Will California adopt an ethnic studies curriculum without Jews?
As California inches closer to creating a statewide Ethnic Studies curriculum for public schools, Jewish groups say their cultural history and experiences are being left out.
As approval deadlines approach for finalizing a model early next year, advocates for the Jewish story are largely on the fringe and playing defense. With the four major study groups set for inclusion — African-Americans, Latinos, Asian Americans and Native Americans — proponents of Jewish studies are only pushing to balance presentation: They have campaigned to eliminate any content that would disparage Jews and Israel or would teach racism and bigotry without including anti-Semitism.
“There’s no issue about the four main groups,” said Julie Zeisler, executive director of the Jewish Public Affairs Committee of California, a statewide association of non-profit Jewish organizations. “If California were to expand the ethnic studies curriculum, the Jewish experience could be included. But I don’t know if there will be an expansion.”
Many public schools in California teach ethnic studies of one group or another as designed by the school or district, and any model program approved by the state would not be a requirement for teaching. However, the state legislature is considering two separate bills, one that would make an ethnic studies course a requirement for high school graduation and another that would make it mandatory for acceptance in any of the 23 schools in the California State University system.
California is the nation’s most populous state with more than 39 million residents and 6 million K-12 students (under non-coronavirus circumstances). Only 3.2% of the general population is Jewish. According to 2018 Census Bureau estimates, the largest ethnic groups in the state are Hispanics (39%), whites (37%), Asian (15%) and Blacks (6%).
Jewish groups conceded the unlikelihood of a unit on Jewish studies as the first draft was completed last year. Even so, Jewish groups and the legislature’s 16-member Jewish caucus objected to elements of a subsection of the Asia unit on Arab-American studies, such as references to the Boycott, Divestment and Sanctions movement (BDS), references to bigotry without a discussion of anti-Semitism and a one-sided view of Palestinians in the context of Israeli politics and policy.
The second draft of the proposed curriculum, to be released on July 30, is expected to address most of them: The Arab unit is expected to be dropped.
Further, leaders of the 16-member state Legislative Caucus — Senator Ben Allen of Santa Monica and Assemblyman Jesse Gabriel of the San Fernando Valley, both Democrats — said in a statement that the state Superintendent Tony Thurmond “assured us that our concerns have been clearly heard and that we can be confident that the new version of the curriculum will not include any content that is, or can be perceived as, anti-Semitic or anti-Israel.”
“We wanted to get the bad stuff out,” Gabriel said in an interview. “Our real focus was making sure it was accurate and free of anti-Jewish bias.”
At least one group has mounted a vigorous effort to retain the Arab subsection. The Arab Resource and Organizing Center, a San Francisco-based advocacy group, has led the campaign with an online effort to resist “bending to the desires of pro-Israel groups who simply don’t agree.” It also contends it has been “opposed by a well-funded right-wing campaign aimed at eliminating the Arab American content and branding any mention of Palestine as anti-semitic.”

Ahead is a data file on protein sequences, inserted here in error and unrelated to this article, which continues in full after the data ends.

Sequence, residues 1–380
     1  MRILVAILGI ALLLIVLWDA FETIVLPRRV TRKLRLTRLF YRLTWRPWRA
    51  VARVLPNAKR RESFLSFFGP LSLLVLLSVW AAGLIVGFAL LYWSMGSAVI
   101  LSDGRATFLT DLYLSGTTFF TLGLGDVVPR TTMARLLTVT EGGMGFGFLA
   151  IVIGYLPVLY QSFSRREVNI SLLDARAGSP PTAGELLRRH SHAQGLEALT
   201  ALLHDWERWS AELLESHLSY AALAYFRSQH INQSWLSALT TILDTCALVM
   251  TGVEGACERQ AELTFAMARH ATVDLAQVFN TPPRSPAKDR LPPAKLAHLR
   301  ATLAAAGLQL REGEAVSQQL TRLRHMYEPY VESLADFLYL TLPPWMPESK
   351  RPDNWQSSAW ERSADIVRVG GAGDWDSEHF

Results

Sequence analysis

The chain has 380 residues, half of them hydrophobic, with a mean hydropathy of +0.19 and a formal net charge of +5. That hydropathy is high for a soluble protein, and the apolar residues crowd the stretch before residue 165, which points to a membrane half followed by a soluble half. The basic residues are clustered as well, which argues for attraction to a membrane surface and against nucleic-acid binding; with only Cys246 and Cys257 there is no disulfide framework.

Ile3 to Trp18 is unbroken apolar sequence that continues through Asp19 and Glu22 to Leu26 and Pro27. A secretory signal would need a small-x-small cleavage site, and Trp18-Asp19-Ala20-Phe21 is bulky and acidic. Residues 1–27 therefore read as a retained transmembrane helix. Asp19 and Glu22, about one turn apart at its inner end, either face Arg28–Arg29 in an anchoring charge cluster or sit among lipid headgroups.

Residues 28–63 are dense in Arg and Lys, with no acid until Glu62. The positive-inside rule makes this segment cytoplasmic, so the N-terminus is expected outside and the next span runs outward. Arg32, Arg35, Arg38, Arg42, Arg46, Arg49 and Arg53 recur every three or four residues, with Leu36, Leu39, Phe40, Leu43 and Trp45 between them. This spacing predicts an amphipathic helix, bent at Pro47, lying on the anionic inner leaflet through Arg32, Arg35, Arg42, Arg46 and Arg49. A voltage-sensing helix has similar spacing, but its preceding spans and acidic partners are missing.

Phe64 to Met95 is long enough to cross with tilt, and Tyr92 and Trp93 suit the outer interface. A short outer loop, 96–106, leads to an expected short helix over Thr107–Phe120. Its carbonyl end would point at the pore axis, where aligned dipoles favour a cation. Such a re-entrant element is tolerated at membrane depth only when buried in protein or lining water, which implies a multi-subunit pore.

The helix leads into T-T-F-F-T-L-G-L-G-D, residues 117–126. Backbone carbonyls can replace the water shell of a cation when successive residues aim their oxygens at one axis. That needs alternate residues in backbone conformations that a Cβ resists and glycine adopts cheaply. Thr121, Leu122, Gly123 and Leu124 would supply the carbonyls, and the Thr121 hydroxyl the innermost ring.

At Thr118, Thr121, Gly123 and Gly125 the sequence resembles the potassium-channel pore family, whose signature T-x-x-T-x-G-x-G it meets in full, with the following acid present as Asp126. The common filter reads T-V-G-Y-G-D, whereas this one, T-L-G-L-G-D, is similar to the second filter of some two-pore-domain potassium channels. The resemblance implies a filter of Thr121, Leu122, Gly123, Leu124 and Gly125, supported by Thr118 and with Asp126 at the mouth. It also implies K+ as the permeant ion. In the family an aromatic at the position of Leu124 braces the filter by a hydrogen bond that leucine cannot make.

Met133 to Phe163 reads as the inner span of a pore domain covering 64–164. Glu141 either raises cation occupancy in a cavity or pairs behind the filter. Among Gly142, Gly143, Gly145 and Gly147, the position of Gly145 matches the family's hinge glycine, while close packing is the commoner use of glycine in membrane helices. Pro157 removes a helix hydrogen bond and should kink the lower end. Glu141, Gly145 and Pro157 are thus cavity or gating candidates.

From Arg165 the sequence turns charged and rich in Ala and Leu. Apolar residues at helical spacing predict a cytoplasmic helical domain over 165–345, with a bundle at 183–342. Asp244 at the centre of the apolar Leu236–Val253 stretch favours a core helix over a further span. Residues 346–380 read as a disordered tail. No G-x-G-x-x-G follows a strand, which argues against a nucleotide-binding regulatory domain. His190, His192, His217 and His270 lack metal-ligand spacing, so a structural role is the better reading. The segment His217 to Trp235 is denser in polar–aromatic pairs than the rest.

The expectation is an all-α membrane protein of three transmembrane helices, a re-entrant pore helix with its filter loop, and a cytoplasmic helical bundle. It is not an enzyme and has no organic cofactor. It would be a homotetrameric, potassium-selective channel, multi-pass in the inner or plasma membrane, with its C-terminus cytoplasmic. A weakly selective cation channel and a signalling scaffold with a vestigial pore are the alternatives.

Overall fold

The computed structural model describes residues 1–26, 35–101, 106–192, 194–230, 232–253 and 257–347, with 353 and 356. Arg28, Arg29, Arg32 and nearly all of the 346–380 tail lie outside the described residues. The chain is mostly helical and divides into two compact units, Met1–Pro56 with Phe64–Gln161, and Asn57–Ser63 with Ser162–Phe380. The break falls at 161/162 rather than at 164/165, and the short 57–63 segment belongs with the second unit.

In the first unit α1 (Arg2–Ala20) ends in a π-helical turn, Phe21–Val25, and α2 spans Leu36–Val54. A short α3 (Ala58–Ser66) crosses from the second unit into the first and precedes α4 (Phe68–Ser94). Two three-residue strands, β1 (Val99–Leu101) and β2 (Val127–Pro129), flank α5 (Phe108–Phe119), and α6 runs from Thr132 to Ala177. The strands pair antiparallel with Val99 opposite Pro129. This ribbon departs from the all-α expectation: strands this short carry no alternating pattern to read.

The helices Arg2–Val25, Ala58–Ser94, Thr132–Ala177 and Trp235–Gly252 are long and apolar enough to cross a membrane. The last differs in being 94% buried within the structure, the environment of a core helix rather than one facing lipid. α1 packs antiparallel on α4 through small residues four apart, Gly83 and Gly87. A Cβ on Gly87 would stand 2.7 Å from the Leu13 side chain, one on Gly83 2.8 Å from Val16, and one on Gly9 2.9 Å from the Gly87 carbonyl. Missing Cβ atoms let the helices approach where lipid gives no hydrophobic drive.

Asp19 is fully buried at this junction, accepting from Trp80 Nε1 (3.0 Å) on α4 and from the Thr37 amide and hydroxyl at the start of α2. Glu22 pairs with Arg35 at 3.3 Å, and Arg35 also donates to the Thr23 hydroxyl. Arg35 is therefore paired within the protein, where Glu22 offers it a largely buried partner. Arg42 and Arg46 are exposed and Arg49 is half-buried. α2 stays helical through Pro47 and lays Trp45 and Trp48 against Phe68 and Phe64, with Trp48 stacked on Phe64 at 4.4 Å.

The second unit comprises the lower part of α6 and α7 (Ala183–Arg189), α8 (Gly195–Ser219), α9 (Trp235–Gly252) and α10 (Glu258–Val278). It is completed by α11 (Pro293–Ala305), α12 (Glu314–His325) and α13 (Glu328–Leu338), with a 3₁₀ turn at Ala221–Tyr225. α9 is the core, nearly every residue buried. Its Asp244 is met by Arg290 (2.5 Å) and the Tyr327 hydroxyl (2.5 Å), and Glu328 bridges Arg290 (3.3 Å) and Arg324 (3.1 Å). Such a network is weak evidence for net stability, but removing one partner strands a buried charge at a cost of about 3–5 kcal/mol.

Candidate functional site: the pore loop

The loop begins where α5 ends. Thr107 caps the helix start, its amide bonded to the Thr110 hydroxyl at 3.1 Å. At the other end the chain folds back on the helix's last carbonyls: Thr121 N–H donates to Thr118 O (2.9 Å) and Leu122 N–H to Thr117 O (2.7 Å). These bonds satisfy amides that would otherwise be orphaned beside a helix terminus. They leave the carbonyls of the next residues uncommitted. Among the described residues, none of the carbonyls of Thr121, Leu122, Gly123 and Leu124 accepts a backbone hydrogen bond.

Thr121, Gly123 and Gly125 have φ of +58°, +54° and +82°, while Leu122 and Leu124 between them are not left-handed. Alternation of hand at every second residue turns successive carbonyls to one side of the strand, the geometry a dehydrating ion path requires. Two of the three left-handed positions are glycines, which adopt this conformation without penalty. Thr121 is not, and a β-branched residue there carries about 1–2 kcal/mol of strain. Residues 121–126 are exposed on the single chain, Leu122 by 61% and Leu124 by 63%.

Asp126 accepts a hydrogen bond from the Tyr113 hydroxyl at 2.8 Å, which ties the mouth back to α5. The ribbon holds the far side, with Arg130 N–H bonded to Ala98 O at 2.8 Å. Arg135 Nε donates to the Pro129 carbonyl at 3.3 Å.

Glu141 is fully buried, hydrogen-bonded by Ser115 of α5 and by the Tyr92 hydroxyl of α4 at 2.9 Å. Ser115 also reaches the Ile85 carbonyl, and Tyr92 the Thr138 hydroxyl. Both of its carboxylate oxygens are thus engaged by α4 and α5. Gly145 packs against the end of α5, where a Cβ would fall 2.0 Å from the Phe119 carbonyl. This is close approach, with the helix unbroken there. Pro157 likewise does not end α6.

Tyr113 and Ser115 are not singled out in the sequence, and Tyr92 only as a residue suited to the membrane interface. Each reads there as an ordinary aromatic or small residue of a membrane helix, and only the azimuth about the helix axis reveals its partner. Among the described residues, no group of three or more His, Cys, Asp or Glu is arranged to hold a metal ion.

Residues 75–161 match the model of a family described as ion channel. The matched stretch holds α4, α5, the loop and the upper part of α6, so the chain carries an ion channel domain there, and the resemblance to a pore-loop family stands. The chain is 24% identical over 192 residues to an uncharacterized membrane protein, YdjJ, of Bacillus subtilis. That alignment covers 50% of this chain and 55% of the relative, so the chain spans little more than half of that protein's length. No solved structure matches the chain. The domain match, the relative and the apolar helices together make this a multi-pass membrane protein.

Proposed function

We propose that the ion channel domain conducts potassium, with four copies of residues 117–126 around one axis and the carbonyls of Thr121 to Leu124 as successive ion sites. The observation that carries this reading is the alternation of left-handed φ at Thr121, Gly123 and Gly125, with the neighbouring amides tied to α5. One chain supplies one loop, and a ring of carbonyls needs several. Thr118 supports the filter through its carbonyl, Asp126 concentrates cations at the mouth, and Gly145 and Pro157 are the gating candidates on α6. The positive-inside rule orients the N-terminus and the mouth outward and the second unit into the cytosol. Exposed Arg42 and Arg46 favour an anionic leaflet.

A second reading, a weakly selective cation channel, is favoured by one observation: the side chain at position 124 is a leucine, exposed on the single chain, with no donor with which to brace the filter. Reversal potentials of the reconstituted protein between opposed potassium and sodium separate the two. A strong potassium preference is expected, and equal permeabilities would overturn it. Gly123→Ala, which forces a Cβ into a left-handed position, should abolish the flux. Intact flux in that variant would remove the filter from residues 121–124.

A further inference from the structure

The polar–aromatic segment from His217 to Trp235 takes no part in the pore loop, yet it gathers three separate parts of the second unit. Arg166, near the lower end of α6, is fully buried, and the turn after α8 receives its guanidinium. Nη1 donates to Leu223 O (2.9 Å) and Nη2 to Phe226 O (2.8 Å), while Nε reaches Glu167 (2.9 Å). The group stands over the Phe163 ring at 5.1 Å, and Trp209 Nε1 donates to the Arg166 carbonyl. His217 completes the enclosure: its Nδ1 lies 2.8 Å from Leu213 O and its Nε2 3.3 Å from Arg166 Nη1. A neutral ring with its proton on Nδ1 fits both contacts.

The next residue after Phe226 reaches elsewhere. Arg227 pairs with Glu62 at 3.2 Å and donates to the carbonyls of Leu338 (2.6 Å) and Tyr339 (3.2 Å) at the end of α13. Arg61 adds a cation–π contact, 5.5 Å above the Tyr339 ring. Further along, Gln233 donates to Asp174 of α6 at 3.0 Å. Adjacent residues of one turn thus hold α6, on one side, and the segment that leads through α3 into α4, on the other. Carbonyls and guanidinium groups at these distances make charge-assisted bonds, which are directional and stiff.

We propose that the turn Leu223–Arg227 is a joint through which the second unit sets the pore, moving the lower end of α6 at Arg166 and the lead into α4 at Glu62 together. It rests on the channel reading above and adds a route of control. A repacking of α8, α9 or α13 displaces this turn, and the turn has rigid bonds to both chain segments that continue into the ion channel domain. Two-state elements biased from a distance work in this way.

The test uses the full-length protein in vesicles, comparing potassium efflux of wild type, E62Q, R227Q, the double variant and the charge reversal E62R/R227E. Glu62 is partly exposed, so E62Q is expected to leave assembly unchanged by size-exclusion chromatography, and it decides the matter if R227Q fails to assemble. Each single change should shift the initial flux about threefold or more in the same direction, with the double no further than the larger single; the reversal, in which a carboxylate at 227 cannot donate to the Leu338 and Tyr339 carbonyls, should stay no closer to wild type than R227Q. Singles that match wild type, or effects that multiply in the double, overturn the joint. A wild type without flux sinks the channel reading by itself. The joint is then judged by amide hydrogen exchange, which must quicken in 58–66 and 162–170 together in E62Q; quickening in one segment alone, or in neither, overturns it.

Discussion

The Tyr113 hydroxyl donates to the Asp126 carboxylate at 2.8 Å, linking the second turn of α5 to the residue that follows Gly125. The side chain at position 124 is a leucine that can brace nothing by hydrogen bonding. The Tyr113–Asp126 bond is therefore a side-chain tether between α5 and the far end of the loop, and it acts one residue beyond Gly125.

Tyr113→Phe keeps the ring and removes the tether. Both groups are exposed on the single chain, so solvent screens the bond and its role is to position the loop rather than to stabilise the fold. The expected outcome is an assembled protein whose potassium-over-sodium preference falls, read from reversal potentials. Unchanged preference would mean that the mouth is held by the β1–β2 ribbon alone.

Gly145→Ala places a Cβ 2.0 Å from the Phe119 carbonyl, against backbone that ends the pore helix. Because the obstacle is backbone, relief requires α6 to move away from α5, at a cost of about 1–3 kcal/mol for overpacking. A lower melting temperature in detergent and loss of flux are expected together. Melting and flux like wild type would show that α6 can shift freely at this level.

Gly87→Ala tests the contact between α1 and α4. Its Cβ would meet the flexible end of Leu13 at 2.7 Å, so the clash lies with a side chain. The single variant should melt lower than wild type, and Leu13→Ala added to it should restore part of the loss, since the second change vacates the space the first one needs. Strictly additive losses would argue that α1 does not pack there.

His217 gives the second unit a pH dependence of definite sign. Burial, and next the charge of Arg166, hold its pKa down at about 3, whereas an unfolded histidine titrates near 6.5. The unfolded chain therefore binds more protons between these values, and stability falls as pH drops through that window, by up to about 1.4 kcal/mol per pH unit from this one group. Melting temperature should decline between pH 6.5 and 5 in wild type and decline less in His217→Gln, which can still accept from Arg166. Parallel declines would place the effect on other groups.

This month it posted an open letter to the state Department of Education signed by college and university professors of ethnic studies from Stanford, Yale, the University of California at Berkeley and several dozen other schools, saying, “We fear the possible exclusion of Arab American studies from the Ethnic Studies Model Curriculum is due to its consideration of Palestine, Palestinians, and Palestinian Americans as topics worthy of high school study.”
The Arab Resource and Organizing Center did not return several messages seeking comment.
The revised draft of the ethnic studies curriculum is scheduled to be reviewed by the state’s Instructional Quality Commission on August 13. Next, a 30-day period opens for public comment, after which the Commission meets again to consider additional changes.
Once that process is complete, the document goes before the State Board of Education for final approval at a meeting scheduled for March 2021.
Jewish history and culture are not absent from public school curricula in California. Parts of literature and history courses relate to issues important to the Jewish experience, like the Holocaust and Israel.
Whether Jewish studies is expanded in the future depends upon many factors, not least the zeitgeist of the times. With Black Lives Matter a rising cultural force and episodes of police brutality a too-common occurrence, along with issues relating to immigration at the southern border, it only made sense to include units on the experience of blacks and Hispanics before creating subsections to satisfy other groups with large populations in California, like Armenians, Koreans, Vietnamese, Persians and Pacific Islanders.
There could be a Jewish future, however.
Gabriel said Thurmond has begun conversations with the Anti-Defamation League and the Simon Wiesenthal Center in Los Angeles to develop a curriculum related to anti-Semitism.
“We’re in the early stages,” Gabriel said, stressing that it will take time. “But what we’ve heard has been encouraging.”
Michael Janofsky is a writer and editor in Los Angeles.